"We want to make Florida scorched earth for these sexually violent predators... We want to make our laws the toughest in the nation."-- State Senator Rob Bradley.
If you are a person who feels semantic arguments are valid, as I am, then it irks you when terms and phrases are used in an improper context. I wonder at times just how much thought FloriDUH legislators put into their so-called "scorched earth" policy for Registered Citizens.
Just what does "scorched earth" mean exactly? In the most basic of definitions Scorched Earth is a military strategy in which a retreating army destroys any and all resources that the retreating army feels might be useful to the enemy army-- food, fuel, even people. Despite a ban on destroying food supplies per the Geneva Convention, the practice is still employed today. It is a desperation tactic by a defeated and retreating army.
Does this mean that the FloriDUH legislature is admitting they are losing the "war on sex offenders?"
At any rate, military terminology and tactics against American citizens, no matter how undesirable you may view them, has proven to be a disservice. You see, in times of war, civilian casualties are to be expected, so dropping bombs in a residential area and blowing up schools or an aspirin-manufacturing plant is considered acceptable. War tends treat every citizen of a foreign nation, or simply those with ties to that nation, as an enemy combatant. This leads to hastily-made blanket policies, like the mass "internment" (concentration camps) of Japanese Americans during World War II, a policy never overturned by the US Supreme Court. In times of war, rights can be taken away and "martial law" can be imposed.
The imposition of military tactics and terminology has been damaging to American citizens. Since the Barry Goldwater presidential campaign in 1964, Americans have endured a "war on crime," followed by a "war on drugs," a "war on terror," and a "war on child abuse," of which a "war on sex offenders" becomes a relative extension. The problem with the militarization of culture is the promotion of violence that tends to follow. After all, the militarization of our police forces has only led to the increased police brutality that has in turn led to greater distrust of the police by many people in society. The war on drugs did not stop the cartels, it merely filled up our prisons with non-violent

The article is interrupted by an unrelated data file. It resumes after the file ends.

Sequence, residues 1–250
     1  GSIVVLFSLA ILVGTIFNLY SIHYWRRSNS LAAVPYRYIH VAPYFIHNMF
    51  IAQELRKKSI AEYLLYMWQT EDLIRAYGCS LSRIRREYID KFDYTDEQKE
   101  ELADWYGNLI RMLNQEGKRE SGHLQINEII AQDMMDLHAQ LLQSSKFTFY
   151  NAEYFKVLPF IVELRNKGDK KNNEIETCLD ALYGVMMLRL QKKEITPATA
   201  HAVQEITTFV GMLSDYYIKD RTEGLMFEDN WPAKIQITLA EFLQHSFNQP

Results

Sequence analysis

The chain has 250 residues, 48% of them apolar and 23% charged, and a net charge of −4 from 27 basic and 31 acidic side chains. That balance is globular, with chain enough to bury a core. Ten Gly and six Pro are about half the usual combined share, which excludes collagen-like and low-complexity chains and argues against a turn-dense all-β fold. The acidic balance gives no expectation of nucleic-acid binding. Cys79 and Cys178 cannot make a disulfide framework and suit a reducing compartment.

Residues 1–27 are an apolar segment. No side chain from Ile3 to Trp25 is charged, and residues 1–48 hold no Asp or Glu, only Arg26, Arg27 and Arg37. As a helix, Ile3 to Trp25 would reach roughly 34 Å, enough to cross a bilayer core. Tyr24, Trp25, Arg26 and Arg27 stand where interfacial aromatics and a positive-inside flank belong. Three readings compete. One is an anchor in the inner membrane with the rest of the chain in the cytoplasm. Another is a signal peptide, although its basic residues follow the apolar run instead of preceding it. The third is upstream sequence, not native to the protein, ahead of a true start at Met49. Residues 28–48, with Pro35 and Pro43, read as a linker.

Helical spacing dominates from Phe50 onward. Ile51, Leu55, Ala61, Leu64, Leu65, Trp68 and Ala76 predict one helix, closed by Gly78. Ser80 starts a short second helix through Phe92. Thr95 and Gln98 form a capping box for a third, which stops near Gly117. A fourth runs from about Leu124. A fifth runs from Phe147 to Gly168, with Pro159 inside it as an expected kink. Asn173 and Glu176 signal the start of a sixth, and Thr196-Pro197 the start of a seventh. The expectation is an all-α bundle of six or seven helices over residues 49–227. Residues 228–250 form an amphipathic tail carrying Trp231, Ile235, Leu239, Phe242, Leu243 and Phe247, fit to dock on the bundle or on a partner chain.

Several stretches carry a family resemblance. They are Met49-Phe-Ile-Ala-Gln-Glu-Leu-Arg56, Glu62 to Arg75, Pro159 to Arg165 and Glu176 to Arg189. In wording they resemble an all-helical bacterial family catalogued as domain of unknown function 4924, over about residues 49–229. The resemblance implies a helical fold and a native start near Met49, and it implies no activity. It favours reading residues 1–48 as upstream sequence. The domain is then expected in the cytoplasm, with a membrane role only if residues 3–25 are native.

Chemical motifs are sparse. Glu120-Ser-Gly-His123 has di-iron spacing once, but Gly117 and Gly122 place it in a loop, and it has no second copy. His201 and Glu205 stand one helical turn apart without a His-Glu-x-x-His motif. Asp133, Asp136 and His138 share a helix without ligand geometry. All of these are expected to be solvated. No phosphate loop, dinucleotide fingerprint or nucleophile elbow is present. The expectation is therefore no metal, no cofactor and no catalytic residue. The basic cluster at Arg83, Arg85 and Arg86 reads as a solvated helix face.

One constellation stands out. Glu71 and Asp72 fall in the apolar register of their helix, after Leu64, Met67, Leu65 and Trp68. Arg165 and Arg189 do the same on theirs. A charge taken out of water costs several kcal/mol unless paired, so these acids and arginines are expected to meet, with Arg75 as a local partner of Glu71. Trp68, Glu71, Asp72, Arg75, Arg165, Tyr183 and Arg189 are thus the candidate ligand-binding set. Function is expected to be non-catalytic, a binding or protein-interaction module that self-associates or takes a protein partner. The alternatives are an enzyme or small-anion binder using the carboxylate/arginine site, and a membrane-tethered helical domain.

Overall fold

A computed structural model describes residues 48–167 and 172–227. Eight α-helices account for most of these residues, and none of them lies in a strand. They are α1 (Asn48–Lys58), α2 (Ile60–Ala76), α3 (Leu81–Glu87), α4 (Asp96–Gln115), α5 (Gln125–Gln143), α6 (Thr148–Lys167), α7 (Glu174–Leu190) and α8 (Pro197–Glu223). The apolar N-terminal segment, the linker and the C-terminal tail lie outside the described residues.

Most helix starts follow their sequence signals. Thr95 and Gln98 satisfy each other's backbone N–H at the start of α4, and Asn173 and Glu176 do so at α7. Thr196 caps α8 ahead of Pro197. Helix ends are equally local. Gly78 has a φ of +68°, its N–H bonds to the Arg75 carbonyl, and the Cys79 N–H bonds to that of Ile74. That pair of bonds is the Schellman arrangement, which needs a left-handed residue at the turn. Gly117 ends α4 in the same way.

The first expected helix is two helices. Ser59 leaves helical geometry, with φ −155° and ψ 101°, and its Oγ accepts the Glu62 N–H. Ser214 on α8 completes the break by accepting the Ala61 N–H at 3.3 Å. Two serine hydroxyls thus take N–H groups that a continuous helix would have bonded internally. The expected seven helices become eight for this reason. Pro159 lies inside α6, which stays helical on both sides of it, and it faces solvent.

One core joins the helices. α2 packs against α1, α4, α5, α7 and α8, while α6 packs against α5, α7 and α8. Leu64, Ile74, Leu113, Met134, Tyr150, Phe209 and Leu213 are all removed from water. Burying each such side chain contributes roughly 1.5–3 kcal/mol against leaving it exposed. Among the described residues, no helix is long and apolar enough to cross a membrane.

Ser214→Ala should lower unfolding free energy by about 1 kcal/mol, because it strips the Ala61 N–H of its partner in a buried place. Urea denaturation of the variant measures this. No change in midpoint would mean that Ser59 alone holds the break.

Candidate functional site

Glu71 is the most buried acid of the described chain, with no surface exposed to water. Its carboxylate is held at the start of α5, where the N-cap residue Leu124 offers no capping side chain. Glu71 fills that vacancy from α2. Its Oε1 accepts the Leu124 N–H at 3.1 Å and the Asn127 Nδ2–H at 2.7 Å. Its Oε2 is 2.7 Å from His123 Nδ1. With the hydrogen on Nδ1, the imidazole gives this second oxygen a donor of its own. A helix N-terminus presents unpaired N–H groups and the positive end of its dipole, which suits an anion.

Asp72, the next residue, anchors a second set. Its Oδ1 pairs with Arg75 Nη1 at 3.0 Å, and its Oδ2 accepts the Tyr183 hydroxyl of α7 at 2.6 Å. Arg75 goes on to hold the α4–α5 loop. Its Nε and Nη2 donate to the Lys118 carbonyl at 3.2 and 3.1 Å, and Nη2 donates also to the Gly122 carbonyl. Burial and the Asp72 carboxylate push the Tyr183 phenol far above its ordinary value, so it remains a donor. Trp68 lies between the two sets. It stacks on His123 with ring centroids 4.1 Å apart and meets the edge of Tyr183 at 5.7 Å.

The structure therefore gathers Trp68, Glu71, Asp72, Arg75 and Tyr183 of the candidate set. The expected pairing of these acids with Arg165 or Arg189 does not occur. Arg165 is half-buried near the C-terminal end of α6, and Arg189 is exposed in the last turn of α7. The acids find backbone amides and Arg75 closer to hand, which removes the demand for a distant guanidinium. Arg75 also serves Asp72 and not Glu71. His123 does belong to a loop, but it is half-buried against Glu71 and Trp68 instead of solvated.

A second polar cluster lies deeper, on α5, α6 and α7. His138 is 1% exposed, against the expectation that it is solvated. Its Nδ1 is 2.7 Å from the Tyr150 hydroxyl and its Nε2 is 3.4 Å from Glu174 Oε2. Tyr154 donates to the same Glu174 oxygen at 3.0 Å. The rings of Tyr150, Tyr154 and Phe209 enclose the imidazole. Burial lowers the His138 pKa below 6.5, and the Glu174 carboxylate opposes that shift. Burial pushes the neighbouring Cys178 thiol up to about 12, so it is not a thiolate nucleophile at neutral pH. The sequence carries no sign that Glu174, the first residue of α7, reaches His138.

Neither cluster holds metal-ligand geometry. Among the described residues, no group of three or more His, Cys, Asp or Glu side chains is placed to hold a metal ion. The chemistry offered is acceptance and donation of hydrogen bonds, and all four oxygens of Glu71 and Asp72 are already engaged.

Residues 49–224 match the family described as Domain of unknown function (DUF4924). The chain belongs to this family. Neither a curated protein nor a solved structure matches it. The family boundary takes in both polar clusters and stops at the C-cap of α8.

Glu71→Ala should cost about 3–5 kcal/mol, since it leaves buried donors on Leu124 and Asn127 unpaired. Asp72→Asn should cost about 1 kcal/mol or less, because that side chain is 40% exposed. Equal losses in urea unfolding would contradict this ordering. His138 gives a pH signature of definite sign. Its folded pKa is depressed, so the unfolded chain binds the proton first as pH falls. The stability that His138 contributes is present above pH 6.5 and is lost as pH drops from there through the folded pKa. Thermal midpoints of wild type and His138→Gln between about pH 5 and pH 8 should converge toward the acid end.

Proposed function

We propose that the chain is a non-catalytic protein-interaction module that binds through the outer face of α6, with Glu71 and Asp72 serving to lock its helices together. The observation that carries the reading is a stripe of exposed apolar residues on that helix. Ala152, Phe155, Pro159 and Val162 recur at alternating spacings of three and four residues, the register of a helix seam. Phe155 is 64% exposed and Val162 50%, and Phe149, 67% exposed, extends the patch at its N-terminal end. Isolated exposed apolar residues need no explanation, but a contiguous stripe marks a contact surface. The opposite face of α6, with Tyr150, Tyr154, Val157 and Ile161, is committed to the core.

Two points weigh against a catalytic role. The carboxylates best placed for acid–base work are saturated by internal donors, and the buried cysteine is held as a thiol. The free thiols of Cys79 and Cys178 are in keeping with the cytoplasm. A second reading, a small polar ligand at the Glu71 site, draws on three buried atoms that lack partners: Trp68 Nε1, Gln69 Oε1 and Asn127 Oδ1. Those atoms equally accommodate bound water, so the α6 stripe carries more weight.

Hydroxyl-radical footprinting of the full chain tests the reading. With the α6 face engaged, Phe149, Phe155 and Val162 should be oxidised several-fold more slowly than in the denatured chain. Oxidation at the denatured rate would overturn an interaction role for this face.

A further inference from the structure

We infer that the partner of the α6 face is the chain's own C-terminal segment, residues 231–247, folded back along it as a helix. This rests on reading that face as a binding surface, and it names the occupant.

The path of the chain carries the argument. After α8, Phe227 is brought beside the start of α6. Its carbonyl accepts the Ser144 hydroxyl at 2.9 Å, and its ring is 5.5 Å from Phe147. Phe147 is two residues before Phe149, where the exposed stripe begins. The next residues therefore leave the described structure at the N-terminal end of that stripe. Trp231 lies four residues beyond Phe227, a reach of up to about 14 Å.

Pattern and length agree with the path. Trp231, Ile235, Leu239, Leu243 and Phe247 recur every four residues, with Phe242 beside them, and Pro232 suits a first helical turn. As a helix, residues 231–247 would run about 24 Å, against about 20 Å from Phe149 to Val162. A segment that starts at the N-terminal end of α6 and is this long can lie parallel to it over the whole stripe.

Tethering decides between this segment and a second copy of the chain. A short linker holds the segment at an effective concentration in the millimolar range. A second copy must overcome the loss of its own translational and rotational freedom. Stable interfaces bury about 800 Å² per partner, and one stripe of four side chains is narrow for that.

Just as with other wars, the "war on sex offenders" has a marked "enemy." Because the military mentality is a simple "us versus them" mentality, society can turn a blind eye to a little corruption from a sheriff running entrapment stings because he's targeting alleged online predators. But the label "sex offender" is a granfalloon, an association of diverse people whose only relation to one another is an arbitrary label given by the government. A "sex offender" can indeed be a rapist or child molester, and some can be pedophiles. The term "sex offender" can also mean anyone forced to register as a "sex offender" even if we are discussing a 10 year old child, teens having consensual relations with each other, married men having sex with their wives in a secluded area of a public park, teens taking nude selfies, or some guy who grabbed the arm of a 14 year old girl to chastise her for stepping in front of his moving car.
"If it saves just one child" should have always end with an asterisk, because the "one child" obviously does not include the kids landing on the list. I suppose those "save the children/ just one child" types see a few kids on the list as acceptable casualties in this "war on sex offenders." They find it hard to let even one person off the registry even if that person landed on the registry as a child. Hell, they might even echo the sentiment of one US attorney who successfully added a 10 year old kid to the list, declaring this was the "best thing" that could have happened to the kid. Or, perhaps they could be the audience members cheering Erin Brockovich as she justifies adding a 10-year-old to the sex offender list.
Treating a social issue like a war is a great disservice. Preident Lyndon B. Johnson's "War on Poverty" eventually became a war against the poor, not a war to reduce the poverty the poor experiences. Declaring a "scorched earth" policy is not going to resolve the issue of sexual abuse; it merely adds to the growing number of "acceptable" casualties. I doubt FloriDUH will see a marked decrease in registered citizens or sex crime rates (because most sex crimes are committed by people with no previous sex crime arrests) despite their "scorched earth" policies. perhaps it is time they eliminate the military rhetoric and use a solution based on facts and evidence rather than political bloviation.
We can only hope that soon the Florida legislators realize their asinine "scorched earth" tactics are merely desperation tactics of a losing army.